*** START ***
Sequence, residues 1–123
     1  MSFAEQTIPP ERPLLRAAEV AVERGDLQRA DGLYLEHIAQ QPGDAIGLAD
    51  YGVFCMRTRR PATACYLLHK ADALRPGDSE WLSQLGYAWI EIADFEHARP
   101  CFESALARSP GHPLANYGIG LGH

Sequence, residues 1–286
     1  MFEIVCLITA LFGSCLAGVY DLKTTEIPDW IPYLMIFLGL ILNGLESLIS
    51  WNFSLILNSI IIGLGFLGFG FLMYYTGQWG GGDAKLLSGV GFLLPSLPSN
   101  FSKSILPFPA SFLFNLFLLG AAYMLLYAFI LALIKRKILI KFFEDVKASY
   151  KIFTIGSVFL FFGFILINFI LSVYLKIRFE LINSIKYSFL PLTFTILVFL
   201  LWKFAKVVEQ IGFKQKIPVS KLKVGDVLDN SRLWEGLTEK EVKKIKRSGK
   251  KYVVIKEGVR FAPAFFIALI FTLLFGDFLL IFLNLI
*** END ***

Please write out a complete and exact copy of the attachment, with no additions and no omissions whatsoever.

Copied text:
Sequence, residues 1–123
     1  MSFAEQTIPP ERPLLRAAEV AVERGDLQRA DGLYLEHIAQ QPGDAIGLAD
    51  YGVFCMRTRR PATACYLLHK ADALRPGDSE WLSQLGYAWI EIADFEHARP
   101  CFESALARSP GHPLANYGIG LGH

Sequence, residues 1–286
     1  MFEIVCLITA LFGSCLAGVY DLKTTEIPDW IPYLMIFLGL ILNGLESLIS
    51  WNFSLILNSI IIGLGFLGFG FLMYYTGQWG GGDAKLLSGV GFLLPSLPSN
   101  FSKSILPFPA SFLFNLFLLG AAYMLLYAFI LALIKRKILI KFFEDVKASY
   151  KIFTIGSVFL FFGFILINFI LSVYLKIRFE LINSIKYSFL PLTFTILVFL
   201  LWKFAKVVEQ IGFKQKIPVS KLKVGDVLDN SRLWEGLTEK EVKKIKRSGK
   251  KYVVIKEGVR FAPAFFIALI FTLLFGDFLL IFLNLI